Gliding, sometimes called “soaring”, is motorless flight. Gliders or “sailplanes” use naturally occurring atmospheric phenomena, commonly called “lift”, to gain altitude and stay aloft, often for many hours and covering hundreds of kilometres in the process.Just like any other aircraft, gliders must adhere to stringent airworthiness standards and gilder pilots are required to obey the relevant air traffic control and airspace, procedures, rules, and regulations.
In Australia all gliding-related administration and regulation responsibilities are delegated to the Gliding Federation of Australia (GFA) under the auspices of the Civil Aviation Safety Authority Australia (CASA). This means that glider pilots must be members of the GFA, which sets the standards and regulations for pilot training and flying operations.
Flying without a Motor
A sailplane is traditionally launched either by winch, car, powered aircraft, or bungey. A newer alternative is the self-launching motorglider which has a fold-away engine that can be used for launch and then retracted back into the glider once airborne.
In a winch launch the glider is towed by means of a long wire that a winch with a powerful engine at the opposite end of the runway winds in at high speed. The glider is pulled into the air much like a kite and can readily achieve around 1500ft in altitude using this method. Winch launching is the method used by the Balaklava Gliding Club. It is by far the most cost effective. One of the club’s two winches is show on the right.
In Australia, aerotow launches are a very commonly used to get gliders airborne. The glider is pulled aloft by a rope that is attached to a towplane, also called a “tug”. The glider pilot can release the towrope at any time. This is more expensive but has the advantage that higher release altitudes can be achieved and the glider can be towed directly to where the lift is rather than having to search for it after release.
One of the BGC’s two winches, now with 5.7L V8 LS1 engines
Once aloft the glider pilot searches for one of three types of lift. Thermals are columns of warm, rising air. Ridge lift is created by wind flowing up the windward side of a hill. Wave lift occurs when strong winds blow perpendicular to a ridge or mountain. On the lee side of the ridge or mountain the wind is then deflected upward, often with great force. Wave flights can reach altitudes well in excess of 30 000ft.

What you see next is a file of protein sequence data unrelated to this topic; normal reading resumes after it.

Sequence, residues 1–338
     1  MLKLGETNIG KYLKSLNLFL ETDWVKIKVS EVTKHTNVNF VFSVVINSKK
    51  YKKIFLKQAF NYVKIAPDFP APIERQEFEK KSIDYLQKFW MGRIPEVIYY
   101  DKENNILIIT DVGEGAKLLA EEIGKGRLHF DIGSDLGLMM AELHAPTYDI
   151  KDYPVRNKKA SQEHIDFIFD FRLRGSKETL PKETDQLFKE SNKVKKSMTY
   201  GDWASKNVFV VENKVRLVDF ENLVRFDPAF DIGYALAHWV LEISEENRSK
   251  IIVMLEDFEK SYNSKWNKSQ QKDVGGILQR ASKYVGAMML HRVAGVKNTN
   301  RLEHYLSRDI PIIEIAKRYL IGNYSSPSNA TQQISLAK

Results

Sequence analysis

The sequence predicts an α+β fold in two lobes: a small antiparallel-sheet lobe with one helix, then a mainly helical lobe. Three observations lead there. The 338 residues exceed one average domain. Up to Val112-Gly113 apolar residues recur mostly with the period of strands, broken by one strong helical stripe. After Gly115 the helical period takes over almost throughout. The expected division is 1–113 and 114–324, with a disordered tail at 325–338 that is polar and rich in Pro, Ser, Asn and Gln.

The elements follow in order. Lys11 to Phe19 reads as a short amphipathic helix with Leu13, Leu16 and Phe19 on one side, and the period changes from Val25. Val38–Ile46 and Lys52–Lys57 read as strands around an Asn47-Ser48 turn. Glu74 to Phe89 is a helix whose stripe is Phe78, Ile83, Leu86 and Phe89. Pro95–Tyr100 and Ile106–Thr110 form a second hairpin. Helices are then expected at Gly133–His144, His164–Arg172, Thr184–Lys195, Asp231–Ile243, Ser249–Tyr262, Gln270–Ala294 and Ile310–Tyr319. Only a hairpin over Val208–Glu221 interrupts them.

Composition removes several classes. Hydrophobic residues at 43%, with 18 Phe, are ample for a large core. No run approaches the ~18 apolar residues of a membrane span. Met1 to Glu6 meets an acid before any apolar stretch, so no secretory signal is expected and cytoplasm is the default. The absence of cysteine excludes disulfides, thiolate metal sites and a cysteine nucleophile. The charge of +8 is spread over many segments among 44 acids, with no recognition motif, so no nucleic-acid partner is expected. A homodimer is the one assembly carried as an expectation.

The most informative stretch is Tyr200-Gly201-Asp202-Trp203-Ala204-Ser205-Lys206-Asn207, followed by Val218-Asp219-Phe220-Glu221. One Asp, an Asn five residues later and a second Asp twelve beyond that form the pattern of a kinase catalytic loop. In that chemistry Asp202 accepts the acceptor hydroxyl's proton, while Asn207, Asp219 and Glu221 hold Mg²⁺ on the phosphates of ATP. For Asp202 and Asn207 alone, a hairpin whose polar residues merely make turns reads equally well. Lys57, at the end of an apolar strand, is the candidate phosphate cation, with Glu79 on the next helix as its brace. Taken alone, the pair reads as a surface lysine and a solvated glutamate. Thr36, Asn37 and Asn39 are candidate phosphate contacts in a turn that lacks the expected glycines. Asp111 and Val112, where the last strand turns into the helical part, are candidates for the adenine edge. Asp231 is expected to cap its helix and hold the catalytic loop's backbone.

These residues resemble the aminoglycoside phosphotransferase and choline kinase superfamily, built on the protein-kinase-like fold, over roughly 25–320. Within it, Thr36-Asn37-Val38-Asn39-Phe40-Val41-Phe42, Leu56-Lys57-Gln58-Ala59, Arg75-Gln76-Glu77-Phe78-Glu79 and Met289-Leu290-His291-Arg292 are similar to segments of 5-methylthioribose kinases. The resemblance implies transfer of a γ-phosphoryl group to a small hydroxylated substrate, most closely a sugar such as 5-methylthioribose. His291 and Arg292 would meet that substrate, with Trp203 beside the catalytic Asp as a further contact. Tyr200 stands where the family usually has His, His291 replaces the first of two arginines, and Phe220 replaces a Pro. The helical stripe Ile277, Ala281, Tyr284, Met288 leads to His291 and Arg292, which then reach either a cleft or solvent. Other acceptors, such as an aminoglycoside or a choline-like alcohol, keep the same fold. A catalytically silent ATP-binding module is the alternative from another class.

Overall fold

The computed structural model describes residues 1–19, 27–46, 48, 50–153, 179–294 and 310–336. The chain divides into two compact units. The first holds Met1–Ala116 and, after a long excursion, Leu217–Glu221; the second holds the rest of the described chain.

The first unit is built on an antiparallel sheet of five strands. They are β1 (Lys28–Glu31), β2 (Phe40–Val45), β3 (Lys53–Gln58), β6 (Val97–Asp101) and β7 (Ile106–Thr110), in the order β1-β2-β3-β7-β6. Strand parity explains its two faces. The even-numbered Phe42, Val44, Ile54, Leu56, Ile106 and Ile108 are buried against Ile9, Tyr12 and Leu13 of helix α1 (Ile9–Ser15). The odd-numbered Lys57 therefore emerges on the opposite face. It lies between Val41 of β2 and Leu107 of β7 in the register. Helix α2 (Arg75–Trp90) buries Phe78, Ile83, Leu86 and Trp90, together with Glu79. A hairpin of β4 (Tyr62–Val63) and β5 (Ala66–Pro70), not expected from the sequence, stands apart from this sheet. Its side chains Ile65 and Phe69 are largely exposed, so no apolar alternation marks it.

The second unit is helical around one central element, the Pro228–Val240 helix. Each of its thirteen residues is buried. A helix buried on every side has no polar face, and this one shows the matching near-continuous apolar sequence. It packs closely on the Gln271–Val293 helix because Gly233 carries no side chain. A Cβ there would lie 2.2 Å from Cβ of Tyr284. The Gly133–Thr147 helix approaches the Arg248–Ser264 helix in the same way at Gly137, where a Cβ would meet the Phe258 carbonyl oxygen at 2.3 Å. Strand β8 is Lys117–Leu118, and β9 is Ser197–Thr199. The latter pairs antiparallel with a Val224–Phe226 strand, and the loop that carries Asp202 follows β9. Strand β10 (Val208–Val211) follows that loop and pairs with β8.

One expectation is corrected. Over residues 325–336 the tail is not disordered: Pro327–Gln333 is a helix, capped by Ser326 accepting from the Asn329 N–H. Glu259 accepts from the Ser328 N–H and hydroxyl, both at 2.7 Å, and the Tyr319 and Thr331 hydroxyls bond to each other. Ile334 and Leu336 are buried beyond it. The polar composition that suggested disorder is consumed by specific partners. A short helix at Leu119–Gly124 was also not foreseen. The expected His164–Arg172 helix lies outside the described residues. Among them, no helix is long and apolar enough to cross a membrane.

Soaring flights can be simple, local affairs or achieve great altitudes and distances. For instance, the world altitude record in a sailplane is more than 49 000ft. Distance flights of more than 1000 kilometres are reasonably common nowadays. The world distance record currently stands at over 3000 kilometres. Average speeds around predetermined routes over several hundred kilometres can reach well above 150km/h.
Thermals are by far the most common type of lift encountered and utilised by Balaklava club pilots, although wave to moderate altitudes can be contacted under the right conditions. Once in a thermal the pilot circles tightly to stay in the lift until high enough to fly cross-country in search of the next thermal. The speeds and distances achieved depend largely on the weather conditions and on pilot skill. However, almost anyone can learn to fly a glider safely.
On occasions a glider pilot may run out of lift before making it back to an airfield. In that case a normal landing – called an “out-landing” – is made wherever a suitable, sufficiently obstacle-free area is available, usually a farmer’s paddock. Gliders are designed and built for this eventuality and can be derigged within a few minutes. The glider is then trailered back to the airfield and reassembled in equally as short a time.
More about our fascinating sport and gliding clubs in Australia – indeed worldwide – can be found on the GFA web site.